Re: Re: Re: [ssm] what to say about scoping for v6 [was ...last call...]

Hugh Holbrook <> Wed, 12 March 2003 20:21 UTC

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From: Hugh Holbrook <>
To: Pekka Savola <>
Cc: Hugh Holbrook <>, Brian Haberman <>,
In-reply-to: <>
Subject: Re: Re: Re: [ssm] what to say about scoping for v6 [was ...last call...]
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Date: Wed, 12 Mar 2003 12:17:41 -0800
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> Date: Wed, 12 Mar 2003 21:41:27 +0200 (EET)
> From: Pekka Savola <>
> Cc: Brian Haberman <>, <>
> On Wed, 12 Mar 2003, Hugh Holbrook wrote:
> > > One should note that the use of IPv6 scoped addresses either in S or G may
> > > cause significant complexities, for example regarding mismatching scopes
> > > between S and G or regarding forwarding decisions for a scoped (S,G).  
> > > The implications of scoped addresses are described in other documents
> > 
> > Isn't the scoping behavior simply that the most restrictive (smallest)
> > scope applies.  A packet is forwarded neither across a source-scope
> > boundary nor across a destination-scope boundary.  Unless I'm missing
> > something, this actually sounds rather uncomplicated to me.  Is there
> > something that makes this tricky?
> At the moment, in practise (=implementation), everything related to
> scoping is *undefined*, it seems to me.
> How your SSM-enabled router will/would react now, or in 1-2 years is a 
> complete question mark.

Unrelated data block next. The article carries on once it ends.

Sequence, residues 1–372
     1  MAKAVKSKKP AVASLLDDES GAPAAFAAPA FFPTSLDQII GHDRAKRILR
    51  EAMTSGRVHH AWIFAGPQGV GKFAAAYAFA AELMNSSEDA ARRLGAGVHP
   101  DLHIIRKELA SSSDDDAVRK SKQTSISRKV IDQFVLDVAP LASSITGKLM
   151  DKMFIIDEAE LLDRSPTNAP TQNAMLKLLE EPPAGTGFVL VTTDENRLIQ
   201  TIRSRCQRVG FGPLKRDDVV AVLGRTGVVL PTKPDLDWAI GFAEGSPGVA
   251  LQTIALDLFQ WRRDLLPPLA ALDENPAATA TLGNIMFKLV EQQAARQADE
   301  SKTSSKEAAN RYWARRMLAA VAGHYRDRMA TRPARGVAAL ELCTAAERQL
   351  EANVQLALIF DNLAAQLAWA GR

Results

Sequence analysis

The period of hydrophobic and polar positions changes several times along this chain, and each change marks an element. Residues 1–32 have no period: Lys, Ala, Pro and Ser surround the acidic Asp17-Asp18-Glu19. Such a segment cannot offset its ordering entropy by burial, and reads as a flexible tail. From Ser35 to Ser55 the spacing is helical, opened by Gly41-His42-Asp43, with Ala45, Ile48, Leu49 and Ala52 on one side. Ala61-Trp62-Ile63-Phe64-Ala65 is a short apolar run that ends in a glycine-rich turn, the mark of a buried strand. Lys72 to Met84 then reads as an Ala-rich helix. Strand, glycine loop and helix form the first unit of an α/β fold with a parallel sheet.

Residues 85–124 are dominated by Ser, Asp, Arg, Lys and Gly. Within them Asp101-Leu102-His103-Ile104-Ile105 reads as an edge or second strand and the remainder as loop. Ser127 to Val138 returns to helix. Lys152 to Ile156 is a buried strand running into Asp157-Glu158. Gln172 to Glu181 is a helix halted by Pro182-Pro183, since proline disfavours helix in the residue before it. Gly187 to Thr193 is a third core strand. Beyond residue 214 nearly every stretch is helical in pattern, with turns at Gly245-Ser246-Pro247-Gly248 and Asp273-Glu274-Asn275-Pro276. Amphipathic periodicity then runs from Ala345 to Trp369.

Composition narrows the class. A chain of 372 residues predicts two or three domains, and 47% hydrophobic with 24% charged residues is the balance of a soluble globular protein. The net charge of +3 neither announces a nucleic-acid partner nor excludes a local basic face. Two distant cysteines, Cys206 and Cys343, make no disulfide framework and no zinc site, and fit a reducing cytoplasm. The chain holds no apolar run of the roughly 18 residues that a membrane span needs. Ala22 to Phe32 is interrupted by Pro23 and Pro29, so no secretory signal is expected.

Perhaps I'm not creative enough, but I can't imagine any
implementation of scoped addresses that would not apply scope limits
to both the source and destination.

> > Is there something about this that makes it a Security Considerations
> > issue?
> Yes, but only slightly: if people use e.g. site-local addresses as a
> security measure, and use SSM with like (<site-local>, global-scope-SSM)  
> -- for whatever reason, e.g. the use of the same application (and
> subsequent G) both site-locally and globally, the forwarding of such
> multicasts might *NOT* be limited to your site-local S scope.  This is an
> uncertainty as the implementation is unclear.

I don't dispute that implementations are not complete, but I can't see
how the IETF could endorse a scheme in which a join for a site-local
address S would allowed to be routed through a scoped boundary for S.
S refers to two totally diferent hosts on the two sides of the scope
boundary, so it's like sending the join to the wrong host.

In fact, I would be ok with putting in text saying that for SSM joins
and data, the scope boundaries MUST be applied to the source address
in addition to the destination address.

> On the hindsight, the text I proposed above seems better fit to some other 
> section, and something different might be more applicable to security 
> considerations, like:
>   Note that when forwarding or processing SSM, the scope of both S and G 
>   may have to be considered [SCOPED-ARCH]; in particular, if the unicast 
>   scope of S is smaller than respective multicast scope of G, the packets 
>   might end up forwarded outside of the scope of S.  Therefore, limited 

I would prefer not to say this because I think it is not likely to
ever be allowed.  I'd be happy saying just that "scopes should not be
used as a security mechanism..."  and leaving it at that.  I think
it's overkill to say that limited scope addresses must be avoided with
SSM, because I think they work fine as long as boundaries are applied
to the source as well.


>   scopes should be avoided and must not be used as a security mechanism.
> .. I wonder if that's any better ..
> -- 
> Pekka Savola                 "You each name yourselves king, yet the
> Netcore Oy                    kingdom bleeds."
> Systems. Networks. Security. -- George R.R. Martin: A Clash of Kings
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